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Case Reports
November 1929


Author Affiliations

Submitted by Dr. Garner in partial fulfilment of the requirement for the degree of Master of Science in Dermatology-Syphilology in the Graduate School of Medicine, University of Pennsylvania.; From the Department of Dermatology and Syphilology, School of Medicine, University of Pennsylvania, and the Syphilis Clinic of the Hospital of the University of Pennsylvania, John H. Stokes, M.D., Director.

Am J Dis Child. 1929;38(5):1028-1036. doi:10.1001/archpedi.1929.01930110127016

The pediatrician, in an ever-widening and exacting specialty, cannot aspire to be an expert dermatologist. Yet he must necessarily see, and at times pass judgment on, a great variety of dermatoses, especially those intimately or even exclusively related to early childhood. To place additional burden on the small amount of thought and attention that the pediatrician can devote to the dermatologic aspects of practice would have no justification were it not for the fact that the dermatosis which forms the basis of this paper is practically limited to childhood; it is a cutaneous expression of an underlying tuberculous process and usually appears as a sequel to one of the acute exanthemas, particularly measles. This triad of circumstances should entitle the multiple disseminated form of lupus vulgaris to more general interest and recognition.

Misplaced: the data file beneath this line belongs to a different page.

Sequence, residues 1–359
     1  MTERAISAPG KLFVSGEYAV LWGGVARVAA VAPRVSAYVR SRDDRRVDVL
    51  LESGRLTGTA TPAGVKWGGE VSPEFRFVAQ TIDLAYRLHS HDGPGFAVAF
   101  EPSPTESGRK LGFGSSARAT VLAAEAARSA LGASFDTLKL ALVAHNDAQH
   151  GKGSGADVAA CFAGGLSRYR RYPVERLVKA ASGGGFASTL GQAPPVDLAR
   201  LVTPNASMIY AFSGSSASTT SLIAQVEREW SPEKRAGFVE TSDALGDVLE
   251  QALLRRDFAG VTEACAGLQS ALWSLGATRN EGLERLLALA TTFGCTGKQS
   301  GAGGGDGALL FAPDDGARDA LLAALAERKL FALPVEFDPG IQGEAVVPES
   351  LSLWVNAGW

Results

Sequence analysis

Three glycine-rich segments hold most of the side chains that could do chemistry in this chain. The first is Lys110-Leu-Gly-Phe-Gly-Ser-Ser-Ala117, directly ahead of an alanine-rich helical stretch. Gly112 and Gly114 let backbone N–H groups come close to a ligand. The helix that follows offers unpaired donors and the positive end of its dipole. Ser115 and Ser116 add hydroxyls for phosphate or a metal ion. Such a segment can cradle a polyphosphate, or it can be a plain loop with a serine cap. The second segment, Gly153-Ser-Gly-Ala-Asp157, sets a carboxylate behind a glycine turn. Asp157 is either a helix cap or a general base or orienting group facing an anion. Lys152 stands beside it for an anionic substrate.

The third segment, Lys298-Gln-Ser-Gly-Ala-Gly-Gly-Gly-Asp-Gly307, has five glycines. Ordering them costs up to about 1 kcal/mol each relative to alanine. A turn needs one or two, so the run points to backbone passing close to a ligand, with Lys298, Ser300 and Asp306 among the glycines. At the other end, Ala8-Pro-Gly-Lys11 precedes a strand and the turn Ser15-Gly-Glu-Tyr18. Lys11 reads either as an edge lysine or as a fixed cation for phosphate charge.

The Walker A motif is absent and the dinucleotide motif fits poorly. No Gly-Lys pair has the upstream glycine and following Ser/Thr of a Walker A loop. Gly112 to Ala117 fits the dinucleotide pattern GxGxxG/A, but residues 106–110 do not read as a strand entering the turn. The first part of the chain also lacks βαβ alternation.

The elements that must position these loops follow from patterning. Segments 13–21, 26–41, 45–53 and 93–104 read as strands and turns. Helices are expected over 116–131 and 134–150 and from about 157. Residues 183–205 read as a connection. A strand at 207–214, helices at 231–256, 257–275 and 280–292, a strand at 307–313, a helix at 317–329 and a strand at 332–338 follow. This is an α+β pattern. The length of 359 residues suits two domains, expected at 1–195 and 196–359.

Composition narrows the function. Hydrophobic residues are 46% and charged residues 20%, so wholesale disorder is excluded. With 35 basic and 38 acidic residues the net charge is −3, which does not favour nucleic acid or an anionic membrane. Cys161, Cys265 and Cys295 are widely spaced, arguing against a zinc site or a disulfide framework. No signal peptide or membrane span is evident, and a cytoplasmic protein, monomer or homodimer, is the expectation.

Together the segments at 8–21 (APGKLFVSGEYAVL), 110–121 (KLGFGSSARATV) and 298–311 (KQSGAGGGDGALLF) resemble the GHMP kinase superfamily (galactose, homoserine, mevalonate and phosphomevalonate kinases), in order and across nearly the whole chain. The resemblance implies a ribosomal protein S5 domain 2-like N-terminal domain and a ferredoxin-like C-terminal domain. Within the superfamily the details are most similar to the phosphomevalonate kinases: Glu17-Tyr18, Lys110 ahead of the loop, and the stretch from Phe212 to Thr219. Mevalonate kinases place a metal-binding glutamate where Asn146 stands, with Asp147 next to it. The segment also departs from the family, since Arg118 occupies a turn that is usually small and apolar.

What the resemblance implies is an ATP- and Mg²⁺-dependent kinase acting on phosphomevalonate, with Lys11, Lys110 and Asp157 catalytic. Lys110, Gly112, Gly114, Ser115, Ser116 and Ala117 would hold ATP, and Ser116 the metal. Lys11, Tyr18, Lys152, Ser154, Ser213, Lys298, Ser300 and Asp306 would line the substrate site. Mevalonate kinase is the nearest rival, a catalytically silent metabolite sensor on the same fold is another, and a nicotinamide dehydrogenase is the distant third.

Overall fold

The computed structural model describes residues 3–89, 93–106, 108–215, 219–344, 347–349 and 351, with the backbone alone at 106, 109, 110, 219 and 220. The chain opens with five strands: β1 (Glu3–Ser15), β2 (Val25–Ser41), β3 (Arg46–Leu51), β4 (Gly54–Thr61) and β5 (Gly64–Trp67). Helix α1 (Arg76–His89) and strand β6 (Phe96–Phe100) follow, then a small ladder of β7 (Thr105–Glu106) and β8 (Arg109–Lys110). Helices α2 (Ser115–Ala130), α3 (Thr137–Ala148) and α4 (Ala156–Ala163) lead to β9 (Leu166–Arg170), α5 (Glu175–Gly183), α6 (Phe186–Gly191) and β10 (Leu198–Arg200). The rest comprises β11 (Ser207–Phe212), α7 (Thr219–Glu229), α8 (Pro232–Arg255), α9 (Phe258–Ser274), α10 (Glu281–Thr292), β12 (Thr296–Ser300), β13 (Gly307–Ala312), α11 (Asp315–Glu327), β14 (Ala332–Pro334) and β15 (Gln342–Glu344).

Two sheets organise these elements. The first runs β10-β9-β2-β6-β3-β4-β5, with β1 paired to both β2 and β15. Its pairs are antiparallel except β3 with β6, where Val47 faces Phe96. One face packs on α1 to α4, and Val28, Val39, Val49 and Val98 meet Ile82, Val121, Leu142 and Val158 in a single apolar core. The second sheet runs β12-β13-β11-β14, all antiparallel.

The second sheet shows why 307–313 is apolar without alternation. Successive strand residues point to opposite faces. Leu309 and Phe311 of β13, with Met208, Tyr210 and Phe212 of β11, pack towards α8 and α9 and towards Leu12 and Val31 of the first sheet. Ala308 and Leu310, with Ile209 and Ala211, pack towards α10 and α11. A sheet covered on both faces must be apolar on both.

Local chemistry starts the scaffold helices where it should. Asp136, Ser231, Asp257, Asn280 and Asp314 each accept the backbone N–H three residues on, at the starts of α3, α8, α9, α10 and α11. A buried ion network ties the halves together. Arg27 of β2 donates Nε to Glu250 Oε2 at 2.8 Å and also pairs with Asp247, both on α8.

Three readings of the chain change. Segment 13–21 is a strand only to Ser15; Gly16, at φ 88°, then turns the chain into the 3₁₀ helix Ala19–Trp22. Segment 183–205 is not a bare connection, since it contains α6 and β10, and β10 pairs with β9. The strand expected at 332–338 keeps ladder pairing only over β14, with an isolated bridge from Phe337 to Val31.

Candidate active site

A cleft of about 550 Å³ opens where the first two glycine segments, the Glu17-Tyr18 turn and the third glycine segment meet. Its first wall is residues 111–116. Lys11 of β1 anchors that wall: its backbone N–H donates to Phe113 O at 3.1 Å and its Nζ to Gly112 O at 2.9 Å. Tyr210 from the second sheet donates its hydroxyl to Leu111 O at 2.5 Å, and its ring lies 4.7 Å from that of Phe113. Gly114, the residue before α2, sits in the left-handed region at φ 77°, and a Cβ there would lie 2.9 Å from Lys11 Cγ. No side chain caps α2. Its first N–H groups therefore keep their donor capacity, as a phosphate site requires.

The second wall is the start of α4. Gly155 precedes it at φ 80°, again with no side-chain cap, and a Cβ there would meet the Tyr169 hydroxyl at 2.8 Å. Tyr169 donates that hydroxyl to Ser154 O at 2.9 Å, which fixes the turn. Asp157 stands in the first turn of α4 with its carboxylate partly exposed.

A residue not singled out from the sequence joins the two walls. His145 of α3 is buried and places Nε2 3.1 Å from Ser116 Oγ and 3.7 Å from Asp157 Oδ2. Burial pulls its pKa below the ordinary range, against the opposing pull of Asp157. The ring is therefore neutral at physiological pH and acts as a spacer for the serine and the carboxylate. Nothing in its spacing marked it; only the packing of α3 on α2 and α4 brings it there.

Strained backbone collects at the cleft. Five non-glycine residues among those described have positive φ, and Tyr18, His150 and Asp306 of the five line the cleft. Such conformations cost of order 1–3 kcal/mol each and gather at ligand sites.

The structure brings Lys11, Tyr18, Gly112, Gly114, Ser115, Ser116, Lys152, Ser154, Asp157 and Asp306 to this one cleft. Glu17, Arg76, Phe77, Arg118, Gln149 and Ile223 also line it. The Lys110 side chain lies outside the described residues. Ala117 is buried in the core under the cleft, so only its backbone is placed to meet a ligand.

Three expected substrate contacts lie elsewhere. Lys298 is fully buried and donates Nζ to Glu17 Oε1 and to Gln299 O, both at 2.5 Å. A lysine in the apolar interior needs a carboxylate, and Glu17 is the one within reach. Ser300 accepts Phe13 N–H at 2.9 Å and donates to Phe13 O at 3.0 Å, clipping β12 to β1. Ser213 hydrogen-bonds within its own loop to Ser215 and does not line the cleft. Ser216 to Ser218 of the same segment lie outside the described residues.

REPORT OF CASE  History.—D. S., a boy, aged 3 years, of Russian-Jewish parentage, was referred from the

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